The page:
Channing Tatum stars as Jimmy Logan, Riley Keough as Mellie Logan and Adam Driver as Clyde Logan in Steven Soderbergh's LOGAN LUCKY. 
Bleecker Street
  6. Strong performances help 'The Glass Castle' come to terms with family pain


    The movie world is filled with dysfunctional families meaning well while falling apart. They're typically fictional, so a true story like Jeannette Walls' The Glass Castle should feel stranger than it does.

    Before her successful writing career, Walls grew up in itinerant poverty encouraged by self-destructive parents. That domestic turbulence is smoothed by director Destin Daniel Cretton into just another bumpy ride, kept interesting by an actor's moving portrayal of Walls....

    Oscar winner Brie Larson plays the adult Jeannette, practically flashbacked to inconsequence.
  7. What's new in theaters: 'The Nut Job 2,' 'The Glass Castle,' 'Annabelle: Creation'




    Celebrities who rub elbows with former gossip columnist Jeannette Walls wouldn't have guessed this sophisticated woman grew up hardscrabble strong. That is, not until 2005, when her best selling memoir The Glass Castle was published.

    Walls' parents raised four children without putting down roots anywhere, a nomadic journey leading to an Appalachian shack without utilities. All the while, her father, Rex, distracted his family from poverty by pledging to build his family the magical home Walls used to title her book, now a movie....

    Fionn Whitehead in a scene from Dunkirk. [Warner Bros. Pictures]
  8. Steely Dan's Donald Fagen talks about his new band the Nightflyers, touring with millennials and more


    Donald Fagen's career as co-founder of Steely Dan and then four solo albums is off book, apart from music industry norms creatively and professionally.

    When the music industry zigged, Steely Dan guided by Fagen and Walter Becker zagged, adding jazz to rock while subtracting concert tours for two decades, holed up in studios crafting rock classics.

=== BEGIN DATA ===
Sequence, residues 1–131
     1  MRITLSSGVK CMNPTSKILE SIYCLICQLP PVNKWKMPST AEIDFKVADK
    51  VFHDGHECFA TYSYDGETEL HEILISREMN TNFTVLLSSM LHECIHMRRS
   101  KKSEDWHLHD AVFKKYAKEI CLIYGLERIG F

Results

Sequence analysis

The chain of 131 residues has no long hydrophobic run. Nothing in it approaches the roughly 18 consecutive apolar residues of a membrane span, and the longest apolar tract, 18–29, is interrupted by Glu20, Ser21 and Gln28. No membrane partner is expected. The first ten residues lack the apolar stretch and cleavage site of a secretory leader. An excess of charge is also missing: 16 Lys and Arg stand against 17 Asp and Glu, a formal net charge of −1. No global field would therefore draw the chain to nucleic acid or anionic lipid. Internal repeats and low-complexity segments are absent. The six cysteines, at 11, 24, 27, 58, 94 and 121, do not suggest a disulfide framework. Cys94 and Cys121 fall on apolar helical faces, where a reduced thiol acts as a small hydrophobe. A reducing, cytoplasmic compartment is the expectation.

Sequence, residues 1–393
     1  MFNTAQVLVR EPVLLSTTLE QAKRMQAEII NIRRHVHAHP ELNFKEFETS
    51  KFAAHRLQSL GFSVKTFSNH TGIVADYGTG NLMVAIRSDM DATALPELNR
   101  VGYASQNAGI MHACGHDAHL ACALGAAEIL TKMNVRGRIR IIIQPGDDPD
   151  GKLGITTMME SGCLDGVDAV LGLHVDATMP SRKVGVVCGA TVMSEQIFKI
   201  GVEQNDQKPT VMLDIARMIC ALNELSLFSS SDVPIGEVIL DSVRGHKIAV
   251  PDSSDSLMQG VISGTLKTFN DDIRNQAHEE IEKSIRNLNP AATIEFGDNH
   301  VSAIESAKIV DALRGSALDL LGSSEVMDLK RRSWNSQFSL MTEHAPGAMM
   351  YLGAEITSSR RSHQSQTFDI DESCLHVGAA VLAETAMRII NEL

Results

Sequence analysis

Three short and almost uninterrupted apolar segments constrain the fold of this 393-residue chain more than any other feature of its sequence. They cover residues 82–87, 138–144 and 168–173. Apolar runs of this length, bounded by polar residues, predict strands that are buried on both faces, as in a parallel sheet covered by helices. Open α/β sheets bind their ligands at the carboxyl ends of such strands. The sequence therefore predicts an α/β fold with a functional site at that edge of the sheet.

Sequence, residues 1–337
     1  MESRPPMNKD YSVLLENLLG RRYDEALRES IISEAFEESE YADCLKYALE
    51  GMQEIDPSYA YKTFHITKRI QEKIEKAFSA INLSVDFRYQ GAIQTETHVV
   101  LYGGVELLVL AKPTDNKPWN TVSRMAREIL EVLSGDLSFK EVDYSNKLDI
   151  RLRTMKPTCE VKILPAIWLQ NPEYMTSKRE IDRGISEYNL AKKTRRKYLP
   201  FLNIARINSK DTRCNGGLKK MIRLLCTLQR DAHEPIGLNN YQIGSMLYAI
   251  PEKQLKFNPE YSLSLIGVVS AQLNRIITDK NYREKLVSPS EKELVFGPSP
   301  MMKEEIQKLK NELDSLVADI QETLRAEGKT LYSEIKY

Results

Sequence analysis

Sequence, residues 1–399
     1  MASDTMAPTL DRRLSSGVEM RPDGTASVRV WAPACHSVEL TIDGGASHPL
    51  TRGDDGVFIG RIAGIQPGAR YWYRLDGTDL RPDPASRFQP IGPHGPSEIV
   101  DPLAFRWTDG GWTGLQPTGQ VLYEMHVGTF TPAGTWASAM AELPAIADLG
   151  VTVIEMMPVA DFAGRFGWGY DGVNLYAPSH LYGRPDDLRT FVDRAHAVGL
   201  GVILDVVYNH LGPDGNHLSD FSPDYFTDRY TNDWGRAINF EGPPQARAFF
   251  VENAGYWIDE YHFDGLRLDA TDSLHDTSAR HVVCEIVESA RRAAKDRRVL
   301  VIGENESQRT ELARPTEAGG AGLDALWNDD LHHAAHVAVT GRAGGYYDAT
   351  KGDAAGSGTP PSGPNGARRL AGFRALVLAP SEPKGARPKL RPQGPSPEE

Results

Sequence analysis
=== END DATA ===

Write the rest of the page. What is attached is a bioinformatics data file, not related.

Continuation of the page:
Teaming with musicians one-third his age for a new band, the Nightflyers -- who come to Ruth Eckerd Hall on Wednesday (click here for details) -- rather than the usual polished suspects is just Fagen's restless soul showing....

  9. Steely Dan's Donald Fagen talks hanging with new band of millennials, the Nightflyers

    Music & Concerts

    Donald Fagen likes what his new band the Nightflyers brings to the table.

    Sometimes he has seconds.

    "It's great hanging around with 20-somethings," Fagen, 69, said in a teleconference call from upstate New York. "They know all the good places to eat. I've been eating a lot of exotic foods for me, things I don't usually do. … It's like the menus say stuff like your protein will be such and such, your carbohydrates will be such and such. I'm more of a grilled cheese guy, you know?"...

    Donald Fagen and the Nightflyers, named after his debut solo album, The Nightfly, will perform Steely Dan staples as well as Fagen’s solo tracks.
  10. The Dark Tower: That time they tried to fit 8 Stephen King books into one movie


    After eight books, more than 4,000 pages, nobody expects Stephen King's trans-dimensional Gunslinger saga told in barely 90 minutes.

    Yet that's exactly what The Dark Tower attempts, shrinking a woolly mammoth plot to lapdog size, defying anyone considering King's literary opus unfilmable. Those people are right, from a purist's perspective.

    From the impure perspective of someone who hasn't read King's series, The Dark Tower isn't half-bad. Faint praise, but this movie will take all it can get. It plays like a decent pilot for a TV series, which is reportedly what producer Ron Howard has in mind, that director Nikolaj Artel promises will be "totally canon," unlike his movie....